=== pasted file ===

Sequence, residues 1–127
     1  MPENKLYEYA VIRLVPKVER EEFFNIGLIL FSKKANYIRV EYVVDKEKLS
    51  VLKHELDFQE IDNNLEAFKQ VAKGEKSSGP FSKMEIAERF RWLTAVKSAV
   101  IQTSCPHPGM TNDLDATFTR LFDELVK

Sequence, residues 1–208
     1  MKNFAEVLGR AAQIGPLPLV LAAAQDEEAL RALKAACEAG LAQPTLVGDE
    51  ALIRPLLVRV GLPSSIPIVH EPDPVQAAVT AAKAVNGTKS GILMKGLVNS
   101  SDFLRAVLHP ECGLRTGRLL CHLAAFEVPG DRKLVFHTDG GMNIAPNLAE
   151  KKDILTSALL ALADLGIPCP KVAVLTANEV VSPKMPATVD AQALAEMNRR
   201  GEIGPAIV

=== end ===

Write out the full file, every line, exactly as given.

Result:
Sequence, residues 1–127
     1  MPENKLYEYA VIRLVPKVER EEFFNIGLIL FSKKANYIRV EYVVDKEKLS
    51  VLKHELDFQE IDNNLEAFKQ VAKGEKSSGP FSKMEIAERF RWLTAVKSAV
   101  IQTSCPHPGM TNDLDATFTR LFDELVK

Sequence, residues 1–208
     1  MKNFAEVLGR AAQIGPLPLV LAAAQDEEAL RALKAACEAG LAQPTLVGDE
    51  ALIRPLLVRV GLPSSIPIVH EPDPVQAAVT AAKAVNGTKS GILMKGLVNS
   101  SDFLRAVLHP ECGLRTGRLL CHLAAFEVPG DRKLVFHTDG GMNIAPNLAE
   151  KKDILTSALL ALADLGIPCP KVAVLTANEV VSPKMPATVD AQALAEMNRR
   201  GEIGPAIV